Telecommuting and managing aren’t mutually exclusive. Here are tips to stay present even when you’re managing from a distance.
Telecommuting can present challenges if you’re not familiar with managing remote teams. You may have to adjust the way you communicate with your employees, and your overall management style, to accommodate teams separated by distance.
Telecommuting opens up the door to working with talent from all over the world. You may find yourself working with others from different countries, time zones and cultural backgrounds. You may even find yourself managing remotely while your team shares an office space somewhere else.
If you’re a telecommuting manager, follow these tips on how you can be present in the workforce no matter how far the distance:
1. Find ways to communicate effectively
Since in-person communication is an impossible task to accomplish while telecommuting, change your approach to communicating with your team members. If it’s your first time in a telecommuting management role, it may take a bit of experimentation to find what works best for you and your employees.
If you constantly send email to communicate, you can lose the personal touch that comes with a phone call or face-to-face conversation. While email and instant messaging are great tools, they can be overused.
Set up a Skype account for yourself and each employee to be used during working hours. Instead of sending email, have your employees call you through Skype using voice or video conferencing. You may find it reduces the time it takes to communicate when you don’t have to constantly type out emails for small requests or questions.
Hold a group video conference at least once a week to ensure everyone’s on the same page, on task and held accountable for their work. You’ll find it’s easier to get to know your employees when you can put a face to the name.
2. Establish ground rules
Before you even begin telecommuting, set ground rules both you and your employees must follow. These ground rules should include the work schedule for your employees, the work they’ll be doing and how often you want them to report on their progress.
Be as detailed as possible when setting up ground rules so expectations are clear right from the beginning. (Click here to Tweet this thought.) It can be frustrating for employees if there’s no structure or the rules are constantly changing.
Don’t be afraid to ask for feedback from your employees. If something isn’t working, it’s better to address it as soon as possible so the situation can be corrected. If your team isn’t happy, you’ll see a decrease in productivity and morale, and possibly an increase in turnover.
If your employees are also new to telecommuting, it may be helpful to give them pointers for staying productive and engaged.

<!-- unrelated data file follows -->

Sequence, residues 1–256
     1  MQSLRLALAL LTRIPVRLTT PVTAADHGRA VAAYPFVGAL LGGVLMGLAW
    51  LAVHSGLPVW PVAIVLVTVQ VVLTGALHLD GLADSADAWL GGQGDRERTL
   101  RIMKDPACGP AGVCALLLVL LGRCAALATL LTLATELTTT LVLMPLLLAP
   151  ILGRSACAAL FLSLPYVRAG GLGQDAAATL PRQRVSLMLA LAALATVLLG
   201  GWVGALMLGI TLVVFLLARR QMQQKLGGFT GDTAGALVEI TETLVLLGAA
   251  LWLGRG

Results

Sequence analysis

3. Use technology to your advantage
To help keep everyone on task and accountable for their work, use project management software to track and monitor the progress of your projects. Software like Basecamp, AtTask and Wrike can help you manage projects when you’re not there to monitor each employee’s progress in person.
Use project management software to assign tasks, to keep a paper trail of conversations related to the work and as a central location to store documents and files your employees need to access.
Cloud-based project management software is a good choice for remote teams, as it allows team members to access content whenever they have an Internet connection. Ensure your team knows you’ll be monitoring their progress so there are no surprises along the way.
4. Reward your employees
Don’t forget that as a manager, it’s still your responsibility to motivate and reward your employees for a job well done, even when telecommuting. If your company doesn’t already have one, it may be a good time to set up an employee recognition program.
Use the program as a way to motivate your employees to go above and beyond and to acknowledge their hard work. You should see an increase in productivity and efficiency when your employees have something to work toward, especially when working in a remote position.
Working from home can be a challenge for anyone. If you can find ways to communicate effectively, use the right combination of technology, and motivate and reward your employees, telecommuting in a management position can be a great opportunity.
Brian Flax is a freelance writer based out of the Washington, D.C. area. He has worked with a variety of clients, including Reputation.com. Brian holds a master’s in education technology and a bachelor’s in entertainment business.